If you’re interested in going to Friday Night Social, check my Events section. Our next one is Friday 10/4/19. I don’t have the info up. It should be up in the next week. Friday Night Social is at the District of Hannah An from 6:30 pm to 9:00 pm. I hope to see you there!
Over twenty years ago, Jen Grisanti started her career as an assistant to Aaron Spelling, who served as her mentor for 12 years. She quickly climbed the ranks and eventually ran Current Programs at Spelling Television Inc., covering all of Spelling’s shows including Beverly Hills, 90210, Melrose Place and Charmed. In 2004, Grisanti was promoted to Vice President of Current Programs at CBS/Paramount where she covered numerous shows including Medium, Numbers, NCIS, 4400 and Girlfriends.
In January 2008, Grisanti launched Jen Grisanti Consultancy, Inc., a highly successful consulting firm dedicated to helping talented writers break into the industry. Drawing on her years of experience as a studio executive where she gave daily notes to executive producers/showrunners, Grisanti personally guides writers to shape their material, hone their pitches and focus their careers.
Since launching her consulting firm, Jen Grisanti worked with over 1000 writers specializing in television, features, and novels. Due to her guidance, over ninety of her clients have staffed as writers on television shows, fifty-three have sold pilots, and six of those pilots have gone to series.
Screenwriting consultant and former studio executive Jen Grisanti discusses crafting stories that resonate, finding your voice as a writer and building a network of professional relationships.
With experience as a story consultant, TV staffer, and mentor in the CBS Diversity program, Jen Grisanti is dedicated to helping writers make it as working film & TV professionals through the Jen Grisanti Consultancy.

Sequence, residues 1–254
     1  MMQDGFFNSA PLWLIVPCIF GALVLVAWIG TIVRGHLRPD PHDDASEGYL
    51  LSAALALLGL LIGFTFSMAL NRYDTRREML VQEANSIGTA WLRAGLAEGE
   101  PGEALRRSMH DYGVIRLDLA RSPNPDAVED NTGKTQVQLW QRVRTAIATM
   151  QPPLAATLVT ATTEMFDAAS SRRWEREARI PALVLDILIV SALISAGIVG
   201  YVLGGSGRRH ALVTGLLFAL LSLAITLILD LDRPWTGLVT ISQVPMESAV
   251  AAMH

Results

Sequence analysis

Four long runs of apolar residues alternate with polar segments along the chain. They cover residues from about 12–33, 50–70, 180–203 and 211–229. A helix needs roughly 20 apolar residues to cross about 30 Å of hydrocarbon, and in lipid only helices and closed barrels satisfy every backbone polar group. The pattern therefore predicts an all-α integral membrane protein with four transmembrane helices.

Learn more about her new 10-week STORYWISE TV Writing Tele-seminar and training series HERE.
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I am constantly analyzing new series to see what works with story structure. One of my favorite new shows is Atypical on Netflix. I find this show explores in-depth familial dynamics at the same level as Friday Night Lights and This is Us. Understanding how structure can influence emotion and bring your audience to tears is what great storytelling is all about.
Structurally, a story tool that I’ve drawn from watching Atypical is the recognition that all the character arcs stem from the main problem of the main character and that sets up the series. It is when we feel it all linked, that story can reach such tremendous heights of emotion. This is because we feel the concept through all of the characters and the choices that they make. It often comes from the same wound but seeing it play out through different choices and different worldviews.
The main problem in Atypical is that Sam, a young boy that has autism, expresses his to therapist his desire to date. The series/season 1 is about this choice and his family’s reaction to it. The story explores how love is hard enough for a “neuro-typical” person to experience. With Sam, this pursuit becomes a lot more complex but the gift of it all is showing that the desire is real and it is doable.